Re: Extracting superlatives - SQL design philosophy

From: Julien Theulier
Subject: Re: Extracting superlatives - SQL design philosophy
Date: ,
Msg-id: 000c01cab5fb$d03e4100$70bac300$@com
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In response to: Re: Extracting superlatives - SQL design philosophy  (Mose)
Responses: Re: Extracting superlatives - SQL design philosophy  (Tom Lane)
List: pgsql-performance

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Extracting superlatives - SQL design philosophy  (Dave Crooke, )
 Re: Extracting superlatives - SQL design philosophy  (Mose, )
  Re: Extracting superlatives - SQL design philosophy  ("Julien Theulier", )
   Re: Extracting superlatives - SQL design philosophy  (Tom Lane, )
 Re: Extracting superlatives - SQL design philosophy  ("Garrett Murphy", )
  Re: Extracting superlatives - SQL design philosophy  (Dave Crooke, )
   Re: Extracting superlatives - SQL design philosophy  (Richard Huxton, )
    Re: Extracting superlatives - SQL design philosophy  (Dave Crooke, )
     Re: Extracting superlatives - SQL design philosophy  (Richard Huxton, )
 Re: Extracting superlatives - SQL design philosophy  ("George Sexton", )
  Re: Extracting superlatives - SQL design philosophy  ("George Sexton", )
 Re: Extracting superlatives - SQL design philosophy  (Craig James, )
 Re: Extracting superlatives - SQL design philosophy  ("Pierre C", )
 Re: Extracting superlatives - SQL design philosophy  (Merlin Moncure, )
  Re: Extracting superlatives - SQL design philosophy  (Dave Crooke, )

Hi all,

 

Just for your information, and this is not related to PG directly:

Teradata provides a “qualify” syntax which works as a filtering condition on a windowed function result. This is the only DB allowing this direct filtering on windowed functions, from what I know.

So, as an example, the query you ask for becomes very easy on this database:

select

city, temp, date

from bar

qualify row_number() over (partition by city order by temp desc)=1

 

This is very practical indeed (you can mix it also with classical where/having/group by syntaxes).

On postgres, you may get the same result using an inner query (sorry, I can’t test it for now) such as:

select

city, temp, date

from

(select city, temp, date, row_number() over (partition by city order by temp desc) as nr

from bar ) a1

where nr=1

 

Julien Theulier

 

De : [mailto:] De la part de Mose
Envoyé : mercredi 24 février 2010 22:50
À : Dave Crooke
Cc : pgsql-performance
Objet : Re: [PERFORM] Extracting superlatives - SQL design philosophy

 

Can you try using window functions?

 

Something like this:

 

select distinct

  city,

  first_value(temp) over w as max_temp,

  first_value(date) over w as max_temp_date

 from

  cities

  window w as (partition by city order by temp desc)

 

 

- Mose

 

On Wed, Feb 24, 2010 at 1:31 PM, Dave Crooke <> wrote:

This is a generic SQL issue and not PG specific, but I'd like to get
an opinion from this list.

Consider the following data:

# \d bar
                Table "public.bar"
 Column |            Type             | Modifiers
--------+-----------------------------+-----------
 city   | character varying(255)      |
 temp   | integer                     |
 date   | timestamp without time zone |

# select * from bar order by city, date;
  city    | temp |        date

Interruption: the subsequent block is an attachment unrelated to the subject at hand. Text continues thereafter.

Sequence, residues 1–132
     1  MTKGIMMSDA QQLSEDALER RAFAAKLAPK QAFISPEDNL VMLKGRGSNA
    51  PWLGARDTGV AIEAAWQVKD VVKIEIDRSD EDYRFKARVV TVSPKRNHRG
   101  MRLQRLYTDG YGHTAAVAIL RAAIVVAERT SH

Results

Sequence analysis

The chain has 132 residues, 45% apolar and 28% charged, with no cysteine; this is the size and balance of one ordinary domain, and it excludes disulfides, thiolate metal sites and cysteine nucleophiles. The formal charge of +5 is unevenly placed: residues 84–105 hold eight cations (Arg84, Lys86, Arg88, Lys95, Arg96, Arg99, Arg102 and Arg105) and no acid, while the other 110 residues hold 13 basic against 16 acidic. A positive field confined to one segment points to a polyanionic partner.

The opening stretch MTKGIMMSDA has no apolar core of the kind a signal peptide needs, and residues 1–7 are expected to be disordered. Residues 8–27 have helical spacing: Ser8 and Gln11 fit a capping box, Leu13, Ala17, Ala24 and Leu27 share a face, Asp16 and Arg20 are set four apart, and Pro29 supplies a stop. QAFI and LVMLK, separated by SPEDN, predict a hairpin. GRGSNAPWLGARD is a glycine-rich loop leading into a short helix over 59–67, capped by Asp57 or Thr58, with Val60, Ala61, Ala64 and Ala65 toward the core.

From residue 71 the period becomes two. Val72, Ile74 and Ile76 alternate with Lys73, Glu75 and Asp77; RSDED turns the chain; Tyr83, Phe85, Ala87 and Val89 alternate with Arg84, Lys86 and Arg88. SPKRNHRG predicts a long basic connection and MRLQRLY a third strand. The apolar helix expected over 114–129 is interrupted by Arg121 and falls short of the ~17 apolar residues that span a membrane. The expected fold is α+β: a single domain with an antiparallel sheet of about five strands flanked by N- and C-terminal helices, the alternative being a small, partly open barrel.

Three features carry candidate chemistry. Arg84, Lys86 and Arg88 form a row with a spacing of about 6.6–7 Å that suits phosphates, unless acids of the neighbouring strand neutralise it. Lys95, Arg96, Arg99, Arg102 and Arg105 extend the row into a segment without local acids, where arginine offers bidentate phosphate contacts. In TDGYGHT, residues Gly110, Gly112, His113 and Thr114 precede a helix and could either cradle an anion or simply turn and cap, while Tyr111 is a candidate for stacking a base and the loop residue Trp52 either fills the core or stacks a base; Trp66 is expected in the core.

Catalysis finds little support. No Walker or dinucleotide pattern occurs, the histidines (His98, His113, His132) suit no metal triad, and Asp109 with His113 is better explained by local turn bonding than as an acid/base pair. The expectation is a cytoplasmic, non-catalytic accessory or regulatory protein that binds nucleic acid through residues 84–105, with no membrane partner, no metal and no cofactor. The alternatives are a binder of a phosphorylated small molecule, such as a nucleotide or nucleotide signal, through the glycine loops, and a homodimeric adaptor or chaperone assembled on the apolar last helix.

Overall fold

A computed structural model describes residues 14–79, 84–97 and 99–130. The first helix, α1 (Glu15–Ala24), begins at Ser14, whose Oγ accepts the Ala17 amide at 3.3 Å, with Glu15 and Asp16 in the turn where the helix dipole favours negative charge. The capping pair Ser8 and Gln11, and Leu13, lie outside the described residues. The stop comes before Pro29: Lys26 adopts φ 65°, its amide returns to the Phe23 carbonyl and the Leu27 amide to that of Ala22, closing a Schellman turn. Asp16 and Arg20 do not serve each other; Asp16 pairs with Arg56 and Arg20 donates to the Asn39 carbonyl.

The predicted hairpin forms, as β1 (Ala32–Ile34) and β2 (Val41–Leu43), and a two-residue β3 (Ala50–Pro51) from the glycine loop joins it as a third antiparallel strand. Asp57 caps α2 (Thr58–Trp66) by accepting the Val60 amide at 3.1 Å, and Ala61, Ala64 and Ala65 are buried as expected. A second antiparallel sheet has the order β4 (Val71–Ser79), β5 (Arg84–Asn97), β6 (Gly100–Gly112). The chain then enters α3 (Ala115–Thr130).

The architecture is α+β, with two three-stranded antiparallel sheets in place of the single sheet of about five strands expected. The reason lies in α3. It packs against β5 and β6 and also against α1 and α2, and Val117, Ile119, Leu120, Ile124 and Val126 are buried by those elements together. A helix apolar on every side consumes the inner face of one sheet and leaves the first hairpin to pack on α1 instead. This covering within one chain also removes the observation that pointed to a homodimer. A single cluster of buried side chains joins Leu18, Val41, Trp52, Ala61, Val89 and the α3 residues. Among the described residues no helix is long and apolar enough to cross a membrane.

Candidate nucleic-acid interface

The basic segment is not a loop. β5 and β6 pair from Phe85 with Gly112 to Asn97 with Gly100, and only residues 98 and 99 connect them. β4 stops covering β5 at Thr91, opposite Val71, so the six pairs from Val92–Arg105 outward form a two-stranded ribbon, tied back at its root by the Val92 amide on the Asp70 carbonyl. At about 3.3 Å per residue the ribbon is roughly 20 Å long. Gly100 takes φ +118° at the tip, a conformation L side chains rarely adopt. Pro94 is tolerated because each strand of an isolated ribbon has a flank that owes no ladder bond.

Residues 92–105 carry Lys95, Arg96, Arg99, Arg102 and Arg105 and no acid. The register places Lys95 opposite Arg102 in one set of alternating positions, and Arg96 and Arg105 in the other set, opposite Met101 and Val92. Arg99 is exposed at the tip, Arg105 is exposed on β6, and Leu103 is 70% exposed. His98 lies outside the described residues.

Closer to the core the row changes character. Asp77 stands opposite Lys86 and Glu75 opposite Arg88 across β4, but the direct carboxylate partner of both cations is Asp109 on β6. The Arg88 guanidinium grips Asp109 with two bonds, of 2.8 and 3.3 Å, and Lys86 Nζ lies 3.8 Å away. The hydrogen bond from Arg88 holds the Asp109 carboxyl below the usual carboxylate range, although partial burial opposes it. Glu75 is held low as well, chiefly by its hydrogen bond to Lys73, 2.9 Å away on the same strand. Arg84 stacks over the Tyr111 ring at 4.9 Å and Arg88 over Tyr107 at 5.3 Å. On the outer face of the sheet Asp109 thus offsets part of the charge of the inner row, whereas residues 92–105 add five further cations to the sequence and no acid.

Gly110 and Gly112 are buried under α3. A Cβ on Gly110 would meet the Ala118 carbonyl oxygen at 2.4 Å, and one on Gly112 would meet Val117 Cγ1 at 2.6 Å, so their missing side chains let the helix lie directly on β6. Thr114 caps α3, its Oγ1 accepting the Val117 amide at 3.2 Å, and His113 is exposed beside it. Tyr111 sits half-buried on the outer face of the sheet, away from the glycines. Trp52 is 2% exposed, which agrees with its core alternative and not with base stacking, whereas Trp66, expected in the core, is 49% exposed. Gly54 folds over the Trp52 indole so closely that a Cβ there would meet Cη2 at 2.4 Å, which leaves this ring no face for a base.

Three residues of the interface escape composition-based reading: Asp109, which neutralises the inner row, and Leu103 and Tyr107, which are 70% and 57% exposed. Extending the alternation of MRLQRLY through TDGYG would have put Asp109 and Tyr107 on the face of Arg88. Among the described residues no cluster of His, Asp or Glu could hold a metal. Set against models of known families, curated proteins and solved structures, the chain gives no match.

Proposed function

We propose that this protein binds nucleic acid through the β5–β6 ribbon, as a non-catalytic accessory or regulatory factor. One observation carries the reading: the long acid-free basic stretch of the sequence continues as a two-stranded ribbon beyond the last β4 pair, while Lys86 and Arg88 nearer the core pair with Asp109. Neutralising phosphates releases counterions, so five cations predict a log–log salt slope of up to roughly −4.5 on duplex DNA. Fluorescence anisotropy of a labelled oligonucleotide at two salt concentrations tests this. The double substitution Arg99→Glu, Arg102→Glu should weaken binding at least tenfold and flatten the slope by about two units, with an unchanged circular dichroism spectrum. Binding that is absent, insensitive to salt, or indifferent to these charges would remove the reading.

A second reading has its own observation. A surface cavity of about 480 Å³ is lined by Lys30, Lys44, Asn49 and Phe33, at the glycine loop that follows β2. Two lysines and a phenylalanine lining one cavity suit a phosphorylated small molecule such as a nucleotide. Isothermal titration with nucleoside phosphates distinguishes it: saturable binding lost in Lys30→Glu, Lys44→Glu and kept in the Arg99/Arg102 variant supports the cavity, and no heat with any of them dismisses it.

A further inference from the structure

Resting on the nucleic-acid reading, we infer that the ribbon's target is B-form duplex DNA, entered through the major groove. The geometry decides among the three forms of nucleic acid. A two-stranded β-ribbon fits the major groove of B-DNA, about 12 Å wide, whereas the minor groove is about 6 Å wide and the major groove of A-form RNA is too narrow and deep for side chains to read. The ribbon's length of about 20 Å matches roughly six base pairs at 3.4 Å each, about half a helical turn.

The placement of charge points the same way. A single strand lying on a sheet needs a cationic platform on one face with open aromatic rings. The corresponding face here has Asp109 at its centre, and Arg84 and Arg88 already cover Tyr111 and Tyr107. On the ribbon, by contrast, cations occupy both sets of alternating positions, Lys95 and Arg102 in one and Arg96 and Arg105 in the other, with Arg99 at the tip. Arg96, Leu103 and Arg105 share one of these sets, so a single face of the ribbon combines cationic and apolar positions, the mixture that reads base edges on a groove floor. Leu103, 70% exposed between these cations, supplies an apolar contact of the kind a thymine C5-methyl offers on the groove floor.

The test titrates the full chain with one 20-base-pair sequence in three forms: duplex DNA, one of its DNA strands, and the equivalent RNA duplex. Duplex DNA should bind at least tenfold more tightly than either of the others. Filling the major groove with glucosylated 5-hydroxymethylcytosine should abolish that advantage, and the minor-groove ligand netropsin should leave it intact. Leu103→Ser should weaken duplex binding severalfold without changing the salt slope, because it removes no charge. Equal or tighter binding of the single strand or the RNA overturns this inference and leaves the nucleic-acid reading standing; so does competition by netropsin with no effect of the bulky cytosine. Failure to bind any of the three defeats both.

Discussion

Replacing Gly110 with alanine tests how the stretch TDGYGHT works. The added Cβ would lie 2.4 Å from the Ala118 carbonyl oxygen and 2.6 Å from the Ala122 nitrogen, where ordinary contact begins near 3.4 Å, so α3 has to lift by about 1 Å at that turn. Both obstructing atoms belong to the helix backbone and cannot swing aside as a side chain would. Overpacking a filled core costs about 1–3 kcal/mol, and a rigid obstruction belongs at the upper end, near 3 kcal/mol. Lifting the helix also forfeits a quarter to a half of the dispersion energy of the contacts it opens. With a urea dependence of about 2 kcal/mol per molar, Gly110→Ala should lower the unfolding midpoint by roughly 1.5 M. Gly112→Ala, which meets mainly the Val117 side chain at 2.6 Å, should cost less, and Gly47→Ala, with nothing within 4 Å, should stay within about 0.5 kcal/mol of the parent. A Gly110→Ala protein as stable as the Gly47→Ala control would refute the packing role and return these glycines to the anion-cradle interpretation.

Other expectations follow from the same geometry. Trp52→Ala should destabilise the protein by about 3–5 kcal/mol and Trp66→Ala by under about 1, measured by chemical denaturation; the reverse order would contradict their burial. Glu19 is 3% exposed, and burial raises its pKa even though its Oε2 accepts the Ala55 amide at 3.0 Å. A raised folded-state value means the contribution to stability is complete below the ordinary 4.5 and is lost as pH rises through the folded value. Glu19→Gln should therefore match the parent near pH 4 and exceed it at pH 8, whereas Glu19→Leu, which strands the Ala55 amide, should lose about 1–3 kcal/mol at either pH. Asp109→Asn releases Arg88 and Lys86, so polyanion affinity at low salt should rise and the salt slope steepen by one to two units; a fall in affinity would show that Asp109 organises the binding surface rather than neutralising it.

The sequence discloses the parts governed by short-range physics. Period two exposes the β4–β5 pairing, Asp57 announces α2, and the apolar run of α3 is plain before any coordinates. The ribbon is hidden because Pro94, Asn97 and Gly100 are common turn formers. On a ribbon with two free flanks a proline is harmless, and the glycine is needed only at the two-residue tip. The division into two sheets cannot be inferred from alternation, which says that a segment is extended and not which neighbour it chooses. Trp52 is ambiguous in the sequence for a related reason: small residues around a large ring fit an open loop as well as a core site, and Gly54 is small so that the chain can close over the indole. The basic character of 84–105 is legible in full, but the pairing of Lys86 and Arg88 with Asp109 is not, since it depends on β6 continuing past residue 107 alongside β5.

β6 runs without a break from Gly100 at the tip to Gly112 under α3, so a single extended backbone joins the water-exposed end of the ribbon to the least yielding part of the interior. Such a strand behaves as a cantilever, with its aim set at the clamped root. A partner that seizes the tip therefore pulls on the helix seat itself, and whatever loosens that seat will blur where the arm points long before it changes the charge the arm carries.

-----------+------+---------------------
 Austin    |   75 | 2010-02-21 15:00:00
 Austin    |   35 | 2010-02-23 15:00:00
 Edinburgh |   42 | 2010-02-23 15:00:00
 New York  |   56 | 2010-02-23 15:00:00
 New York  |   78 | 2010-06-23 15:00:00
(5 rows)

If you want the highest recorded temperature for a city, that's easy
to do, since the selection criteria works on the same column that we
are extracing:

# select city, max(temp) from bar group by city order by 1;
  city    | max
-----------+-----
 Austin    |  75
 Edinburgh |  42
 New York  |  78
(3 rows)


However there is (AFAIK) no simple way in plain SQL to write a query
that performs such an aggregation where the aggregation criteria is on
one column and you want to return another, e.g. adding the the *date
of* that highest temperature to the output above, or doing a query to
get the most recent temperature reading for each city.

What I'd like to do is something like the below (and I'm inventing
mock syntax here, the following is not valid SQL):

-- Ugly implicit syntax but no worse than an Oracle outer join ;-)
select city, temp, date from bar where date=max(date) group by city,
temp order by city;

or perhaps

-- More explicit
select aggregate_using(max(date), city, temp, date) from bar group by
city, temp order by city;

Both of the above, if they existed, would be a single data access
followed by and sort-merge.

The only way I know how to do it involves doing two accesses to the data, e.g.

# select city, temp, date from bar a where date=(select max(b.date)
from bar b where a.city=b.city) order by 1;
  city    | temp |        date
-----------+------+---------------------
 Austin    |   35 | 2010-02-23 15:00:00
 Edinburgh |   42 | 2010-02-23 15:00:00
 New York  |   78 | 2010-06-23 15:00:00
(3 rows)


# explain select * from bar a where date=(select max(b.date) from bar
b where a.city=b.city) order by 1;
                               QUERY PLAN
--------------------------------------------------------------------------
 Sort  (cost=1658.86..1658.87 rows=1 width=528)
  Sort Key: a.city
  ->  Seq Scan on bar a  (cost=0.00..1658.85 rows=1 width=528)
        Filter: (date = (subplan))
        SubPlan
          ->  Aggregate  (cost=11.76..11.77 rows=1 width=8)
                ->  Seq Scan on bar b  (cost=0.00..11.75 rows=1
width=8)     -- would be an index lookup in a real scenario
                      Filter: (($0)::text = (city)::text)
(8 rows)

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